P.S. Back in the eighties my wife was working at the Disney Studios in Burbank when word got out that Tom Cruise was on the lot and she left her desk quick enough to get a glimpse of him as he got on his motorcycle and ride off. Judging from the video below he still causes a stir with the ladies 25 years later. 

Scott W. Smith

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Today is my last day of spending a week in my old Florida stomping grounds. It’s been a mixture of business and pleasure. So between Disney World one day, the beach another day, I was rounding up equipment for a little video shoot. Somewhere along the way I realized that if I lived in Orlando it would be hard to write and blog on a daily basis. There are just a lot more distractions here than back home in Iowa.

Not to mention the hours I spent this week driving to and from various activities and duties. Last night I got a kick out of going to dinner at a Central Florida Romao’s Macaroni Grill and walking in and seeing several pieces of artwork on the walls by my friend and Cedar Falls-based artist Gary Kelley.

Several years ago I asked Kelley why he didn’t at some point in his career move to a big city. He joked that he was from Algona, Iowa (pop. 5,741) and Cedar Falls was the big city. Then he went on to tell me that he didn’t need to move to a big city because he had an agent in New York and it didn’t mater where he lived. It was the work that mattered.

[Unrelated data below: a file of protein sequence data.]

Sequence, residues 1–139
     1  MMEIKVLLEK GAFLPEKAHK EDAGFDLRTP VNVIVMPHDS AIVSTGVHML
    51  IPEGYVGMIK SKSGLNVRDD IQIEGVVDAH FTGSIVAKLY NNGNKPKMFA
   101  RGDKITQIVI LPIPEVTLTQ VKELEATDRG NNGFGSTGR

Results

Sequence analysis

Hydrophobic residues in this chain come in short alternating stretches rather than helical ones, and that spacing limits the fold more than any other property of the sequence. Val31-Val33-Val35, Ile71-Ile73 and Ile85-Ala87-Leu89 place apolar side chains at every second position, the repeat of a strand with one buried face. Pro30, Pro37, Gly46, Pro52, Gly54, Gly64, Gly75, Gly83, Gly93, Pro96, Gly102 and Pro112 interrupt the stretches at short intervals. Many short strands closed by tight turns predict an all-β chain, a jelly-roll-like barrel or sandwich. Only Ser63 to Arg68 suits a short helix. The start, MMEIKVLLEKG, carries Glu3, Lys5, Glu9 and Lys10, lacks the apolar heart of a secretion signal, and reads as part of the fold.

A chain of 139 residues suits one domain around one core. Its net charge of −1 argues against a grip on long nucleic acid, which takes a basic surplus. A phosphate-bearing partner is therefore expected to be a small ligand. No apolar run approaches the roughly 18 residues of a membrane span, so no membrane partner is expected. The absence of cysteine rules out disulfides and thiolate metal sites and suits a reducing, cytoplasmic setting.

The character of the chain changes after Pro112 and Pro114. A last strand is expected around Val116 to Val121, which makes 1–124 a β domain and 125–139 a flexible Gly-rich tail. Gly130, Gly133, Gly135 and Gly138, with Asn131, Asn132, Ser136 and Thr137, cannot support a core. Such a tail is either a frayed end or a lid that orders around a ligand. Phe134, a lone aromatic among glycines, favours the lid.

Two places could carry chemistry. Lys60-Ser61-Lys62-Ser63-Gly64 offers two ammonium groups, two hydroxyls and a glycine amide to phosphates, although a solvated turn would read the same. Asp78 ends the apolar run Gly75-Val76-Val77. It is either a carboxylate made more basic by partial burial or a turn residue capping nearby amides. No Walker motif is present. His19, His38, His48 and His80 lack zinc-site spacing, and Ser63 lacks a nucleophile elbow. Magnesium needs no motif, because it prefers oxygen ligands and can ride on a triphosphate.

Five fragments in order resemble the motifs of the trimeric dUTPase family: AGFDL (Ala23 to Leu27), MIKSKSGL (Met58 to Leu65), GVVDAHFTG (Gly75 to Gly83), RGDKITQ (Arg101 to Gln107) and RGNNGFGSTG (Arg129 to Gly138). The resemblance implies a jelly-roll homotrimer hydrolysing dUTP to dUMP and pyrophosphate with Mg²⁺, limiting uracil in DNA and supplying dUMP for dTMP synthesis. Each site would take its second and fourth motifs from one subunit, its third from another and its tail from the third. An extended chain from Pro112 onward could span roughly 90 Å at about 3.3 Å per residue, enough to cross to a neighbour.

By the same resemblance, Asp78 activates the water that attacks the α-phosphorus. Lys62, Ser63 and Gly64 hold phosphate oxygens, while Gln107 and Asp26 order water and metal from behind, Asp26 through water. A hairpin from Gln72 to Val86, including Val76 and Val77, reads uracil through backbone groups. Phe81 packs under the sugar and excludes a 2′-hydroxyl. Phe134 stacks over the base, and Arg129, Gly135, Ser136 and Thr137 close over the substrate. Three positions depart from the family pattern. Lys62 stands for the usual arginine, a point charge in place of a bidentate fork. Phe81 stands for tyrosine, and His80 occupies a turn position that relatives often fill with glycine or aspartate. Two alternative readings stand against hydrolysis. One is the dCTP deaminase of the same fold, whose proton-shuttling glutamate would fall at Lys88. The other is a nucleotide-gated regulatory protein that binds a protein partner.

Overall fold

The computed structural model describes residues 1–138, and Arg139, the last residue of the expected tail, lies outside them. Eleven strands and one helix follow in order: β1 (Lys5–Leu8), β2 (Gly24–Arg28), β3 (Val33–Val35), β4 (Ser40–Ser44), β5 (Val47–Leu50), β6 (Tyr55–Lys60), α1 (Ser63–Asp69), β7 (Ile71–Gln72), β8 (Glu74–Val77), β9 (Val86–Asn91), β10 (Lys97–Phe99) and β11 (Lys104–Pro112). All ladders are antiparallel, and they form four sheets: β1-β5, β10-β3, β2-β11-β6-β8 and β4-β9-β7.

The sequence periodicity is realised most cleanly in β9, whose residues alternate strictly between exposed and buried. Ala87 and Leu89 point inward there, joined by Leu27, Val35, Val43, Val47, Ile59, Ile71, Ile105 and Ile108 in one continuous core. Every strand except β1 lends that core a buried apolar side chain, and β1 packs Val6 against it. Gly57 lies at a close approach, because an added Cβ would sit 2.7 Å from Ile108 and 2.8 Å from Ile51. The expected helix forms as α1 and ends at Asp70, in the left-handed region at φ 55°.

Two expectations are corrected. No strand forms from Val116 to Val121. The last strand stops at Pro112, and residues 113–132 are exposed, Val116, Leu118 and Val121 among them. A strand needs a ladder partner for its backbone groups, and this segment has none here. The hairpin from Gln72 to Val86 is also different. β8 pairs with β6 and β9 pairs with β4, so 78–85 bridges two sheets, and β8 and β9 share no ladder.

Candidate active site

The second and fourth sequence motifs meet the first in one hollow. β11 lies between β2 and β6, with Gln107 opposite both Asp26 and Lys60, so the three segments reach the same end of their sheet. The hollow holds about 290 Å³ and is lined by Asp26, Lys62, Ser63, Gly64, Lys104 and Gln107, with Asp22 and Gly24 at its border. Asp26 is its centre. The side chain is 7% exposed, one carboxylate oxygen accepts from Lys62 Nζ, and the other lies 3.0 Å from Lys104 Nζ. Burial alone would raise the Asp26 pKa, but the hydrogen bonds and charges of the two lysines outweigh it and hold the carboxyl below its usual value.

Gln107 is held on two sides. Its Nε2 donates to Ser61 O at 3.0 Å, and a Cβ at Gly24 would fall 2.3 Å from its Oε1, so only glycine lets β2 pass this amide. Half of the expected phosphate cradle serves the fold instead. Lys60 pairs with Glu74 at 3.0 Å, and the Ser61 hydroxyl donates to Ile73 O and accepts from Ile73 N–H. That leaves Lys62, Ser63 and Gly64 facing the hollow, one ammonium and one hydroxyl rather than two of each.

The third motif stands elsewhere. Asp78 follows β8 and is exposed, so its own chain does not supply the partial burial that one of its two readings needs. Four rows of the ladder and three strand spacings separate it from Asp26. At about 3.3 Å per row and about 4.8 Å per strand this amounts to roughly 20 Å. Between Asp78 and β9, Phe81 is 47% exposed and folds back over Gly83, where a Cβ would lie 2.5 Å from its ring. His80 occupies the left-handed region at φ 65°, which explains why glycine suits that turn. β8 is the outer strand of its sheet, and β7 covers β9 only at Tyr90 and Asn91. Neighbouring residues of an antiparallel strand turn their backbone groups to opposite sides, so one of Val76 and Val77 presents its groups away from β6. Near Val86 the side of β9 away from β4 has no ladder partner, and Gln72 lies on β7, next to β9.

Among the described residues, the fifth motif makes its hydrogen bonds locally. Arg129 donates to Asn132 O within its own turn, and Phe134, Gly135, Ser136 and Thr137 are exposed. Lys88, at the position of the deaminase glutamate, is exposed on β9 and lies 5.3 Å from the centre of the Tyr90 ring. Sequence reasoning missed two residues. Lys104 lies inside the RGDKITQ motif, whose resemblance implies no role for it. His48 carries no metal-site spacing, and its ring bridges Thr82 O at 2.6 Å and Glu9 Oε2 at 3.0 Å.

Kelley further said that he liked living in an area which had a low cost of living and where he could drive to his studio in five minutes (unless he decided to walk). He said that the problem that artists often have in big cities is that just living is a full time job on top of being an artist.

Of course, living in smaller areas has a different set of problems. What’s that saying—”Every problem has a solution, every solution has a problem.” My point is the only way to create everyday is to limit your distractions. I’m sure most creatives in Orlando and L.A. aren’t going to both the beach and Disney World/Disneyland every week. You simply must find a way to limit your distractions and focus on the work at hand.

That all brings me back to the book Your Screenplay Sucks!

“Really, really good writers will write even if they are not paid for it. It’s a compulsion for them. And it feeds something in them that goes beyond the financial. You must be writing because if you don’t write, you’ll die.

…All artistic pursuits are about discipline. Margot Fonteyn. Julian Schnabel. Mick Jagger. Saul Bass. Ron Bass. Picasso. Donatella Versace.  Milton Cantiff. Worker bees every one. It’s about waking up earlier than the other guy and working harder than the other guy and caring enough to be professional about this craft you say you love.”
William M. Akers
Your Screenplay Sucks!
pages 244-245

(Of course, I should say that some artists can get quite a lot done working at the beach. Here’s a iPhone shot I took yesterday at Cape Canaveral of a sand sculpture.)

Related post: Screenwriter’s Work Ethic